Growing labor unrest in the mining industry prompts retaliation from capital
A major struggle is unfolding in the Republic of South Africa with the recent announcement that the Anglo American Platinum Corporation (Amplats) will lay-off thousands of its workers. Amplats is the world’s largest producer of platinum where in South Africa the country has deposits of 80 percent of world’s known reserves of this strategic mineral.
After opposition to these plans from the African National Congress (ANC) government and the Congress of South African Trade Unions (COSATU), the largest trade union federation in the country, Amplats reduced the number of proposed job cuts to 6,000. The planned downsizing could very easily trigger a new round of labor unrest which could potentially shut down production throughout the entire industry.
Amplats claims that wildcat and official strikes during 2012 caused 70 percent of all mines to operate at a loss. In August of 2012, strikes and other violence in the Rustenburg area at the Lonmin facilities resulted in the deaths of 44 people, including 34 miners gunned down by the police at Marikana.
Militant actions by workers in 2012 prompted salary increases and pledges by the mining bosses to improve conditions of employment. Many within South Africa believe that these pronouncements by the mine owners are designed to discourage demands for higher wages and for the companies to re-invest in approving the communities surrounding the facilities.
According to the Globe and Mail, “The decision is expected to cut production by about 250,000 ounces at the Amplats mines next year – about 11 per cent of its total production – and it will be followed by further cuts of 100,000 ounces in following years. Three mine shafts in the Rustenburg area will be idled. The restructuring of its mining operations will cost the company about $250-million (U.S.).” (May 10)
The COSATU leadership has declared that it will not take these threats by Amplats without a response. Another rival union which has made headway in the industry, the Association of Mineworkers and Construction Union (AMCU), is also pledging to take industrial action in response to the proposed job losses.
“It is a spit in the face to the workers and people of South Africa,” said Patrick Craven, spokesman for the Congress of South African Trade Unions. “Thousands of families face losing their only breadwinner, and communities around the mines and in far-flung rural areas will be devastated.” (COSATU Statement, May 10)
Most of the mines in South Africa are owned by capitalists inside the country as well as firms based in Britain and Canada. Since the abolition of the apartheid system some smaller African investors have taken control of shares in the industrial giants.
However, the ever-increasing thirst for profits has resulted in very little improvements in wages for the workers. The high rate of unemployment and underemployment in the country is also a factor in maintaining the intransigence of the bosses related to demands for better salaries and conditions of employment.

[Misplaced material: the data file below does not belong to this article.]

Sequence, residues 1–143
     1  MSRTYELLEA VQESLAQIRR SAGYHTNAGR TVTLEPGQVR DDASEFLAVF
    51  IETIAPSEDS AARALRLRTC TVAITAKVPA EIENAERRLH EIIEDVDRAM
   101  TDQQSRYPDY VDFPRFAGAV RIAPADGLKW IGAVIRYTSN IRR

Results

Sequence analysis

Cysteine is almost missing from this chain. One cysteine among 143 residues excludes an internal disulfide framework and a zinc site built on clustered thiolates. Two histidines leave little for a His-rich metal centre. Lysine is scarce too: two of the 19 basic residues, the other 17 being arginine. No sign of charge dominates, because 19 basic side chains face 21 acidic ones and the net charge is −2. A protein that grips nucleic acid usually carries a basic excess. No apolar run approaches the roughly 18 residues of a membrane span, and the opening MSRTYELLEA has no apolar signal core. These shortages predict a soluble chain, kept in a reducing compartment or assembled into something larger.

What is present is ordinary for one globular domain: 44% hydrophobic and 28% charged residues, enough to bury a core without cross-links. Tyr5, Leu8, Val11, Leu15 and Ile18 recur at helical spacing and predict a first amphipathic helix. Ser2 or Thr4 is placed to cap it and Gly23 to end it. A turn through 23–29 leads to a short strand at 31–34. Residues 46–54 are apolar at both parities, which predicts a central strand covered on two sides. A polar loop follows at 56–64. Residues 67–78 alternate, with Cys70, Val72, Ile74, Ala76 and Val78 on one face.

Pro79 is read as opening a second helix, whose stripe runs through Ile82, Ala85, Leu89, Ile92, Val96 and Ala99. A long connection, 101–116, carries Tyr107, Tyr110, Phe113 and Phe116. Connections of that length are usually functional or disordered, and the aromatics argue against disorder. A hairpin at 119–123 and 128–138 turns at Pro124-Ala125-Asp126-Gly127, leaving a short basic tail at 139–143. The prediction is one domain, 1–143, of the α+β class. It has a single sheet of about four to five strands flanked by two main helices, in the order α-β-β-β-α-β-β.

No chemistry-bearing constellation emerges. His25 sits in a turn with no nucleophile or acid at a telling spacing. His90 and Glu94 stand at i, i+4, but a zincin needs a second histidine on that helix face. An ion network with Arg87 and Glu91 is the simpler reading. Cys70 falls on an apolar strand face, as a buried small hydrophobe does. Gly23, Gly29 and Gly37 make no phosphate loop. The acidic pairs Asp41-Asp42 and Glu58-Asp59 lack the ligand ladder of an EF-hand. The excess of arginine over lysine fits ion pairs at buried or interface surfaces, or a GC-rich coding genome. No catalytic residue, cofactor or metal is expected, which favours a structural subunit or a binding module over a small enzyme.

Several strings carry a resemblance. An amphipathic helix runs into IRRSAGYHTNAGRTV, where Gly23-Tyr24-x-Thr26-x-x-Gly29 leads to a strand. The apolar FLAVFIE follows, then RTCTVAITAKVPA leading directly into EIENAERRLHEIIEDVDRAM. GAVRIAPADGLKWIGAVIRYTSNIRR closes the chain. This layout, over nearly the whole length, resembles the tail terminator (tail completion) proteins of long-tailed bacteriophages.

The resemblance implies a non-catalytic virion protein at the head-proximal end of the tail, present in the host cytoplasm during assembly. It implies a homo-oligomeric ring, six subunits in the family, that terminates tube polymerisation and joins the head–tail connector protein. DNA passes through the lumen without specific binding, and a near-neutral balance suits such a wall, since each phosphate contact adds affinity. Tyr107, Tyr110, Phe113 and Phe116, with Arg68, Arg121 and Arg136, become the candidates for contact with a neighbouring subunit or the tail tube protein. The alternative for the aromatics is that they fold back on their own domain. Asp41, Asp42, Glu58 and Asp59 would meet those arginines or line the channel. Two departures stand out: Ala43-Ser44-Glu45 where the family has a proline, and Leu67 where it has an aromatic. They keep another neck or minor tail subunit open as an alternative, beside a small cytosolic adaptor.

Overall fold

Calls for Nationalization Resurface
In response to the planned job cuts, leaders of COSATU and its largest affiliate, the National Union of Mineworkers (NUM) have not only threatened strike actions but are reemphasizing previous calls for nationalization of the mines. The trade union federation has a longtime alliance with the ruling African National Congress party as well as the South African Communist Party (SACP).
COSATU spokesperson Patrick Craven expressed the frustration of workers noting that the policies of Amplats will increase the class divisions within South African society and render even more employees to abject poverty. “This illustrates why COSATU has consistently called for the nationalization of the mining industry, so that it can be run for the benefit of the workers… and not for the profit of shareholders.” (COSATU Statement)
NUM in a statement released on May 10 said that “The union is highly perturbed by Anglo`s decision to bypass the stakeholder meetings scheduled for next week and go ahead with such an announcement. This is an indication that the Chief Executive Officer and his team are simply interested in pursuing their narrow career interests at all costs even at the cost of jobs” says Frans Baleni, the NUM General Secretary.
This same statement goes on to stress that “The company must hand over the mining licenses for the operations that it wants to mothball so that the state can put them to public auction. It is tantamount to holding the state and the workers to ransom to allow Anglo to simply mothball some of its operations” says Baleni.
Over the last two decades inside the gold industry large-scale downsizing resulted in the closing of mines. Tens of thousands of gold miners lost their jobs when owners relocated their operations to other countries in Africa and Latin America in order to ensure the increase in profits.
South Africa is scheduled to hold national elections in 2014 where the ruling ANC will be challenged to put forward a program aimed at improving conditions for the industrial and rural working class, the youth and the poor. A provincial ANC Conference in the Free State during mid-May was addressed by the Deputy President of the party Cyril Ramaphosa, the former General Secretary of COSATU, who urged the party to remain united and to seriously address the concrete conditions facing people inside the country.
Abayomi Azikiwe Editor, Pan-African News Wire